Hong Kong police arrest 400 protesters following New Year anti-govt march
Hong Kongers came out en masse on Wednesday for the march organizers had to eventually cancel following police orders, leading to clashes between...
Hong Kong: Hong Kong police arrested about 400 people on charges of illegal assembly and possession of arms during a New Year anti-government march, which organizers said was attended by more than a million people.
Hong Kongers came out en masse on Wednesday for the march organizers had to eventually cancel following police orders, leading to clashes between officers and the more radical protesters, reports Efe news.
Although permission for the demonstration had been granted, police urged organizers - the Civil Human Rights Front - to end the procession three hours after it started, arguing some protesters had begun throwing stones and Molotov cocktails and burning shops and banks.
Trouble started when activists vandalized a branch of banking giant HSBC, which led to police cracking down on them with teargas, local media outlets reported.
Other protesters in the front columns of the march formed human chains, seemingly unwilling to go away, leading to further clashes with police that ended in arrests.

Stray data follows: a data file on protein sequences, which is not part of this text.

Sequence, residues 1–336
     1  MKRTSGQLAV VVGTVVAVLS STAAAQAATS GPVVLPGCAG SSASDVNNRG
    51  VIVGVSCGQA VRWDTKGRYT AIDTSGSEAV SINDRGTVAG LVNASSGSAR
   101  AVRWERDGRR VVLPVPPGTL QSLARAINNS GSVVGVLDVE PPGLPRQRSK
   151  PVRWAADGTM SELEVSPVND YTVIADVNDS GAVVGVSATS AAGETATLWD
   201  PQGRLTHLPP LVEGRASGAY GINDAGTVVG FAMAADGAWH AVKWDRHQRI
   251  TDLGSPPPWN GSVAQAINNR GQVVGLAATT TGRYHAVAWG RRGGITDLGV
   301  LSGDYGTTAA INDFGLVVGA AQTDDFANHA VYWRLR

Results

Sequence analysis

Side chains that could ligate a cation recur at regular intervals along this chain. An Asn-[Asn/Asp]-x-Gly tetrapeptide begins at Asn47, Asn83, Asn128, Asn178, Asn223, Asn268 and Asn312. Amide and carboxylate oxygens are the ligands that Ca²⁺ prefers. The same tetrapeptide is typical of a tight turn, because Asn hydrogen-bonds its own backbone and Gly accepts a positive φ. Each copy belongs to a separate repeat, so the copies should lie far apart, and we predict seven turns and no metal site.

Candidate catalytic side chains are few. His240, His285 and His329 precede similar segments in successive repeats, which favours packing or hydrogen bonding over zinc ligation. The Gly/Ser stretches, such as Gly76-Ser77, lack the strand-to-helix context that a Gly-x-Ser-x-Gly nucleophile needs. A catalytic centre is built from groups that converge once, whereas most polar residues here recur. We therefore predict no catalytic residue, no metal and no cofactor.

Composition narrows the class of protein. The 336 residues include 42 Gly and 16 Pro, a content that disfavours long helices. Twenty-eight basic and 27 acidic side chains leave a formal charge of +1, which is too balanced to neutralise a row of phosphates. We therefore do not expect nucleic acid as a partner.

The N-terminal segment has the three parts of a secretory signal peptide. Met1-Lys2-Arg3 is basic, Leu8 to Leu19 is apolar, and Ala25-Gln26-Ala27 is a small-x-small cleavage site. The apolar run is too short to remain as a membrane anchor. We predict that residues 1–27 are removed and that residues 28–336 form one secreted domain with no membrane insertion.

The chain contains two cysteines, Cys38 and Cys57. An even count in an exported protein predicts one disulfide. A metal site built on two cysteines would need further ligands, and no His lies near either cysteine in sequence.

Away from the clashes, thousands marched peacefully to urge citizens of the former British colony to keep protests alive in 2020 and remind the government of the pro-democracy movement's demands through placards and slogans.
Demands include that direct universal suffrage to elect a chief executive and other representatives be granted, that almost 6,000 detainees be freed, that protests not to be considered unrest and that an independent investigation be launched into alleged police brutality.
Demonstrations in Hong Kong began in June 2019 following a controversial extradition bill already withdrawn by the government, but have mutated into a movement seeking to improve Hong Kong's democratic mechanisms and safeguard the region's partial autonomy from Beijing.
Some demonstrators have opted for more radical tactics than peaceful civil disobedience and violent clashes with police have been frequent.
Months of protests have plunged Hong Kong's economy into recession for the first time in a decade, having contracted by 2.9 per cent in the third quarter, due to falling imports and exports, retail sales and declining tourism.